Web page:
Tomorrow’s the day.
The movie thousands have been waiting for: 50 Shades of Grey.
I can’t log on to Facebook without seeing “I can’t wait to see this movie!” My almost 15-year-old daughter told me yesterday that many of her friends (aged 14-16) are planning to see this movie with friends or boyfriends on Valentine’s Day.
Ladies, please help me to understand why you would want your teen girl to watch this movie. Please tell me why you want to see this movie. Before you bristle and leave this post…will you please stop and think with me a moment?
I originally posted most of the following on June 26, 2012, after reading the book. Two and a half years later, I feel the same way – perhaps even more so because my daughter is dating. Because she’s no longer a carefree 12-year-old, but a teen girl facing the challenges teen girls face. And, I am no longer married. I am single woman who must guard her children and her heart as she navigates singleness again.
My friends and I like to talk about gray areas, black areas, and white areas. We like to say “that’s a black and white issue” or “that’s a gray area.”
When it comes to 50 Shades of Grey, there is no shortage of discussion on the black, white, and gray of it. Many authors, bloggers, and interviewers are chiming in – for good reason.
This book is a New York Times Bestseller and about to become a blockbuster movie. But, this is not a gray area – it’s very black and white.
I read book one. Ok, “read” might be an overstatement. I read the first five chapters then began swiping my iPhone screen in search of a plot (or anything redeeming). I did at least scan every single page. As a writing teacher, I could share about its lack of literary merit all day long, but the poor writing and lack of plot aren’t harmful to my soul.
The language and imagery are harmful. The images flashing across the screen would be too.
50 Shades of Grey is referred to as “mommy porn” for a reason. The book’s description and movie’s portrayal of sex and relationship are not at all what God intended. What God created to be beautiful, this book makes very ugly.
I regret reading it. But, regret can’t wipe away those words from my eyes or those images from my brain.
Before you purchase this book or a movie ticket, I hope you pray. I hope you search your heart and ask…Why do I want to see this? Is this good and right for me?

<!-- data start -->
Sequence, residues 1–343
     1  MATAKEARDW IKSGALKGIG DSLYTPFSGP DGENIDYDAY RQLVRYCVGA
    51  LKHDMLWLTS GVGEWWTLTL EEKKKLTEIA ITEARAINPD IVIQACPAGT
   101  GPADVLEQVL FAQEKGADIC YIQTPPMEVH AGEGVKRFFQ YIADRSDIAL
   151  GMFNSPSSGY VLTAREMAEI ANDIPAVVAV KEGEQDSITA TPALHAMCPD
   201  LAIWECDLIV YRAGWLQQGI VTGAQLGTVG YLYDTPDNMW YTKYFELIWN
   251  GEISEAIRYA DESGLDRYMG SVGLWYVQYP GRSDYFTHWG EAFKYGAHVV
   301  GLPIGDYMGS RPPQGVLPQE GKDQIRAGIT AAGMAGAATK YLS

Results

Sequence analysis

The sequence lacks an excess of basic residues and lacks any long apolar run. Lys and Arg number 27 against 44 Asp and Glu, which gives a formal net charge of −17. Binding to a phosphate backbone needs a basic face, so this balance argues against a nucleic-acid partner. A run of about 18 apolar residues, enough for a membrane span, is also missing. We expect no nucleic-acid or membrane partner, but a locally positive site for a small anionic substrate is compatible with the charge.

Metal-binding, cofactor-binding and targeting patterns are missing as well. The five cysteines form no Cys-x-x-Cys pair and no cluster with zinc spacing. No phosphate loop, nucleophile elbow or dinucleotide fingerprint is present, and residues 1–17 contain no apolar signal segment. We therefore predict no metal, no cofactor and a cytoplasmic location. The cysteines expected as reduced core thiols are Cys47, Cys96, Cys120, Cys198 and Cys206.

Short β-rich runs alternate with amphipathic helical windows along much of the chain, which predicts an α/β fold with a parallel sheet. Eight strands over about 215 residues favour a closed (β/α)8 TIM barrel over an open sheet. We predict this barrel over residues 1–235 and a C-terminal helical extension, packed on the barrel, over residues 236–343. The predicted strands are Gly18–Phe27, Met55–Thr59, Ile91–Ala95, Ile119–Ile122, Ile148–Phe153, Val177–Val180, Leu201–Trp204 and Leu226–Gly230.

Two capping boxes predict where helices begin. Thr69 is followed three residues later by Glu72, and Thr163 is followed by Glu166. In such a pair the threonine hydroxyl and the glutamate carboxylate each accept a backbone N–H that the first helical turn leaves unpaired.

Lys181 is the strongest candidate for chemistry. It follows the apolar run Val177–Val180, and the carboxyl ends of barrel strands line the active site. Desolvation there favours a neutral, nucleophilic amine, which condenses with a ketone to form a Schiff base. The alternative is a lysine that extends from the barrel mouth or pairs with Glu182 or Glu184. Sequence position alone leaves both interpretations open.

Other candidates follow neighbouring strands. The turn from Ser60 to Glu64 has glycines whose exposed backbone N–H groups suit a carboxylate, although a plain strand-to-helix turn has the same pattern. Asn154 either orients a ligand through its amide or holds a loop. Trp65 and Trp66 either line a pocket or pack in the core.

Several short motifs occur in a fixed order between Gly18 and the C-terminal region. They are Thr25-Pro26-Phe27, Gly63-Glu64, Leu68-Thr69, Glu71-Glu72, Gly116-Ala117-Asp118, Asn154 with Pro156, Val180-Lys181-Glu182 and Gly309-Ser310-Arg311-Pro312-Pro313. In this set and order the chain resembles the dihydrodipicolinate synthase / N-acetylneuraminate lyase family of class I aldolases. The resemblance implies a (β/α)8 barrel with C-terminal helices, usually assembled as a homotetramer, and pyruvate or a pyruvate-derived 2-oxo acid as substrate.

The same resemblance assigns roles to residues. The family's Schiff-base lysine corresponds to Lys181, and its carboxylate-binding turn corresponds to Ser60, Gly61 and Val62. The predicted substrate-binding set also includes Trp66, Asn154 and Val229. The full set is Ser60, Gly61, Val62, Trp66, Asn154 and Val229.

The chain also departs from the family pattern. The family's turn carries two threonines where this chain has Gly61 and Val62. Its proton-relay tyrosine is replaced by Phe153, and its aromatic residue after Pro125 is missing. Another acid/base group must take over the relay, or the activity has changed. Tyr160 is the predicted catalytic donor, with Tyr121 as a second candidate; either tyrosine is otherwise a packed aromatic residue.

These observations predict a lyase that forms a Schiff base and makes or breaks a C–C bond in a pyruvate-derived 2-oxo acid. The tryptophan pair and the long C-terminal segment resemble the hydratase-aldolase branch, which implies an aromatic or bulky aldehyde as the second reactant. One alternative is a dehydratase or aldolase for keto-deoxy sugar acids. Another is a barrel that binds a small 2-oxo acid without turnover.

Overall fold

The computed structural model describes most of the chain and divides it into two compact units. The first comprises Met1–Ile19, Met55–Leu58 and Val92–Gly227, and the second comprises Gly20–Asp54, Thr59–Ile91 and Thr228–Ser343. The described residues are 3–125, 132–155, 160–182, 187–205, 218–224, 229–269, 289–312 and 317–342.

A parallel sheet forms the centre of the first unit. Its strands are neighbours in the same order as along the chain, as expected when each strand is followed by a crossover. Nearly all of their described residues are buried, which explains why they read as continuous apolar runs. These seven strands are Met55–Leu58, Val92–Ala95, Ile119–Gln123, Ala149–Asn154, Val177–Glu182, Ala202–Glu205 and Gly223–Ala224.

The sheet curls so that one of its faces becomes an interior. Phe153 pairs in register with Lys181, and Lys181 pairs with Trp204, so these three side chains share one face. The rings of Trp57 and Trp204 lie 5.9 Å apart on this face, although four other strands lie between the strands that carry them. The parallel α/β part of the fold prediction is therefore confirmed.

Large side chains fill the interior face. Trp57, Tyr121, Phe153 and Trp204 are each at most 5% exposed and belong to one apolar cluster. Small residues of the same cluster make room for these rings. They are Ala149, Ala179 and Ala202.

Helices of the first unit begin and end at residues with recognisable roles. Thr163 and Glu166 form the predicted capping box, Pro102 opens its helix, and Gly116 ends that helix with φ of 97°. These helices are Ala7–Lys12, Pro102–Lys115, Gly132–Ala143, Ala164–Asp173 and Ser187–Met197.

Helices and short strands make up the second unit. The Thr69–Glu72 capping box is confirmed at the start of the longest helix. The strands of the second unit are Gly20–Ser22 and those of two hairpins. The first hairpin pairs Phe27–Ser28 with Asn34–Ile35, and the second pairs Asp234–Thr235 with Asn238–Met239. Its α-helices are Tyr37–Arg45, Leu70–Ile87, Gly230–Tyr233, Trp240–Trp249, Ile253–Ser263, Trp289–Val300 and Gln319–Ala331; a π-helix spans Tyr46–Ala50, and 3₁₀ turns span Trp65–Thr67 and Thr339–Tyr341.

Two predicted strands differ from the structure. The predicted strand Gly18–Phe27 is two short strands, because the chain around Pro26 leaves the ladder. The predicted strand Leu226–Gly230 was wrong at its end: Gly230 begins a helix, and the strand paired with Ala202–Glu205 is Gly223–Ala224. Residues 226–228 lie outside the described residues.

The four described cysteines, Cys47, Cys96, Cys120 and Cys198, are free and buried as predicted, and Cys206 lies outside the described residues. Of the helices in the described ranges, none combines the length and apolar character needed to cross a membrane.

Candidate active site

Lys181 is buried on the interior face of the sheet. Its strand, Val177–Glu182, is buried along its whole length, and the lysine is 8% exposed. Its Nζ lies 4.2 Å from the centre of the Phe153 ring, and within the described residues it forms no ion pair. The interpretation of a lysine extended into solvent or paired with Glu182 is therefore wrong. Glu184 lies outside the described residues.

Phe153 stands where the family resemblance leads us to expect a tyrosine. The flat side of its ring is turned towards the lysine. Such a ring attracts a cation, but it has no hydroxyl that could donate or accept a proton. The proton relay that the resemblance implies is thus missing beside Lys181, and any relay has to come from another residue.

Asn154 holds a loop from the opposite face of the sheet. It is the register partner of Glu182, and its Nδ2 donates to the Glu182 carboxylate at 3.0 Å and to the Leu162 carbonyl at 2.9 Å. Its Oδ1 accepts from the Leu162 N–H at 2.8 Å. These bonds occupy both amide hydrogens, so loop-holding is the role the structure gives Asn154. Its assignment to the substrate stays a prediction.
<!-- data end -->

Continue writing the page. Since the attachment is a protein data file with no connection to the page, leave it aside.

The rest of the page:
For me, it boils down to Proverbs 4: 20-27: My son, pay attention to what I say; turn your ear to my words. Do not let them out of your sight, keep them within your heart; for they are life to those who find them and health to one’s whole body. Above all else, guard your heart, for everything you do flows from it. Keep your mouth free of perversity; keep corrupt talk far from your lips. Let your eyes look straight ahead; fix your gaze directly before you. Give careful thought to the paths for your feet and be steadfast in all your ways. Do not turn to the right or the left;keep your foot from evil.
I want to guard my heart, giving careful thought to my path, keeping my foot from evil. I am so easily swayed in some areas that I must look straight ahead with my gazed fixed directly on Him and the cross if I am to avoid drifting.
So, I hope you’ll guard your heart from this book and movie – and others like it. It’s best to dwell on whatever is true, whatever is noble, whatever is right, whatever is pure, whatever is lovely, whatever is admirable–if anything is excellent or praiseworthy… Philippians 4:8…although I know it’s hard and only possible with strength from Him.
Let me clarify one thing: I am FOR you. I don’t desire to make a point. I’d like to make a difference.
I am not “holier than thou.” Heavens. I have logs in my eye that need removed before I can ever speak on many issues. My heart is simply to share as one who has read the book and knows the content. To tell those who have not read this book and want to see the movie: Please do your homework before going. To tell those who have read the book and feel guilty (like me) – or go to see the movie and feel guilty: There’s grace and forgiveness.
And, please, don’t take my word for it. Pray. Read the stuff all over the internet.
Honestly, I simply could not – in good conscience – let tomorrow’s release day pass without speaking up. It hurts my heart to think of all the young gals who will see it and think that is how a man should treat her. It hurts my heart to think of all the young men who will see it and think that is how they should treat a gal.
(And, please don’t say…it’s just entertainment; no one really patterns behavior after a movie. Yes, they do – sadly.)
I want better for my daughter. I want better for this next generation. I want better for you. I want better for me.
If you have an opinion about 50 Shades of Grey, would you share it in the comments? I think conversing – even if online – about this topic in a respectful, open manner can help us and our daughters.